Two ex-aides to Christie guilty in 'Bridge­gate' trial

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Brid­get Kelly and Bill Ba­roni were con­victed Fri­day of all counts in the Ge­orge Wash­ing­ton Bridge traf­fic jam case.

NE­WARK, N.J. >> Two for­mer aides to New Jersey Gov. Chris Christie were con­victed Fri­day of caus­ing traf­fic jams for po­lit­i­cal re­venge near the na­tion’s busiest bridge, a ver­dict that raised anew ques­tions about why the Repub­li­can gov­er­nor and his in­ner cir­cle es­caped pros­e­cu­tion.

Brid­get Kelly, Christie’s for­mer deputy chief of staff, and Bill Ba­roni, Christie’s ap­pointee to the Port Au­thor­ity of New York and New Jersey, were found guilty of all counts against them in the so­called “Bridge­gate” case. Kelly cried as the ver­dict was read; Ba­roni showed no emo­tion. Both de­fen­dants an­nounced plans to ap­peal.

Tes­ti­mony dur­ing the seven-week trial con­tra­dicted Christie’s state­ments about when he knew about the four days of grid­lock in the town of Fort Lee in Septem­ber 2013. The traf­fic jams were aimed at re­tal­i­at­ing against Demo­cratic Mayor Mark Sokolich for not en­dors­ing Christie’s re-elec­tion, pros­e­cu­tors al­leged.

Other tes­ti­mony de­scribed some of Christie’s top ad­vis­ers and con­fi­dants ei­ther know­ing about the plan ahead of time or soon af­ter­ward, and be­ing aware of the pur­ported po­lit­i­cal mo­ti­va­tion, well be­fore Christie told re­porters in De­cem­ber 2013 that none of his staff was in­volved.

Ba­roni’s at­tor­ney, Michael Bal­das­sare, called the case “a dis­grace” and said the U.S. at­tor­ney’s of­fice should be “ashamed” of where it drew the line on who to charge.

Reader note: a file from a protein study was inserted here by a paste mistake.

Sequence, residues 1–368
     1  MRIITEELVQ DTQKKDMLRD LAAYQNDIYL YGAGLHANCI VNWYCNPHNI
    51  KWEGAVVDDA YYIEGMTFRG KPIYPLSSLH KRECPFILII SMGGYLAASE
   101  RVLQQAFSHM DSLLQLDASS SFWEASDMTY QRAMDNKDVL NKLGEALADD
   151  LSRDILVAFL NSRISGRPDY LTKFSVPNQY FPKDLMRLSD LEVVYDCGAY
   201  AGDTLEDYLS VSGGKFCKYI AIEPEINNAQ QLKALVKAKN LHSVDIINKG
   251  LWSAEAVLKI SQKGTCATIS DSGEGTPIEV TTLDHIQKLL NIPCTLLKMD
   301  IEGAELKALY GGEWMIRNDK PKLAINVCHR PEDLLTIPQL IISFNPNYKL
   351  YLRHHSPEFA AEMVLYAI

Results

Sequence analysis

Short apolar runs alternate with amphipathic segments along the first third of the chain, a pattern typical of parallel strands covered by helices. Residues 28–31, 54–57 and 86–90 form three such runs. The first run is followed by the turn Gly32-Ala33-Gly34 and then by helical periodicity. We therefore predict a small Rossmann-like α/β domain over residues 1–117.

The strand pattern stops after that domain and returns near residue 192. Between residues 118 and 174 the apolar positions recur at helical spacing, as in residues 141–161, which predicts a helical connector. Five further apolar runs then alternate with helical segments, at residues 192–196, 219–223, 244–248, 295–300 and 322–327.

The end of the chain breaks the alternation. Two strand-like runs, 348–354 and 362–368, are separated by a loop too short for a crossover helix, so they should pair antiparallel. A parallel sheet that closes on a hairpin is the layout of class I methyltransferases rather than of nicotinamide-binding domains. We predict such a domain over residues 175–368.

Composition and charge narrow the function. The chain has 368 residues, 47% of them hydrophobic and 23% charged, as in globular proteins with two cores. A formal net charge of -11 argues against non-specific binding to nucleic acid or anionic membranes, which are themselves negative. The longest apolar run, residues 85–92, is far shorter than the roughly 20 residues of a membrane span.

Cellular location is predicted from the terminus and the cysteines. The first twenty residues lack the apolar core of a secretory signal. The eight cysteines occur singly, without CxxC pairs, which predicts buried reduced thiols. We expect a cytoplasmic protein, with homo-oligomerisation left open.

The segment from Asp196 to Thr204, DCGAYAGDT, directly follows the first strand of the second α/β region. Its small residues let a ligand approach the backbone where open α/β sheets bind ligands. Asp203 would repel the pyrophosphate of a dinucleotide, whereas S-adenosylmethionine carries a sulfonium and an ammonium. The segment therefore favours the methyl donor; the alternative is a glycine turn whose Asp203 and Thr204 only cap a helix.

“They should have had be­lief in their own case to charge pow­er­ful peo­ple and they did not,” Bal­das­sare said Fri­day.

Ba­roni and Kelly were in­dicted last year. Also charged was for­mer Port Au­thor­ity of­fi­cial David Wild­stein, who pleaded guilty and tes­ti­fied against them.

U.S. At­tor­ney Paul Fish­man de­clined to say Fri­day whether any of the tes­ti­mony could lead to charges against Christie or oth­ers.

“Any­body can reach what­ever con­clu­sions they want about the strength of the ev­i­dence and about whether the ev­i­dence of any­one else’s in­volve­ment was in the hands of the govern­ment or came from the de­fense,” he said. “In May 2015, the ev­i­dence that we had was suf­fi­cient to in­dict and con­vict Brid­get Kelly and Bill Ba­roni and that’s the in­dict­ment we asked the grand jury to re­turn.”

Christie said Fri­day that the ver­dict af­firmed his de­ci­sion to ter­mi­nate Ba­roni and Kelly and that the jury held them re­spon­si­ble “for their own con­duct.” He re­peated his as­ser­tions that he had no knowl­edge of the plot and said he would “set the record straight” soon about “the lies told by the me­dia and in the court­room.”

“I had no knowl­edge prior to or dur­ing these lane re­align­ments, and had no role in au­tho­riz­ing them,” Christie said. “No be­liev­able ev­i­dence was pre­sented to con­tra­dict that fact. Any­thing said to the con­trary over the past six weeks in court is sim­ply un­true.”

At the time the scan­dal un­folded three years ago, Christie was con­sid­ered a top GOP pres­i­den­tial con­tender and was on the verge of a run­away re-elec­tion vic­tory to demon­strate his cross­over ap­peal as a White House can­di­date.

Christie ul­ti­mately dropped out of the pres­i­den­tial race af­ter a poor show­ing in the New Hamp­shire pri­mary and said re­cently that the scan­dal prob­a­bly influenced Don­ald Trump’s de­ci­sion not to pick him as his run­ning mate. Christie is a now a top Trump ad­viser and has cam­paigned for him.

Christie was ex­pected to cam­paign for Trump in Penn­syl­va­nia and New Hamp­shire this week­end. A mes­sage left with the Trump cam­paign Fri­day wasn’t im­me­di­ately re­turned.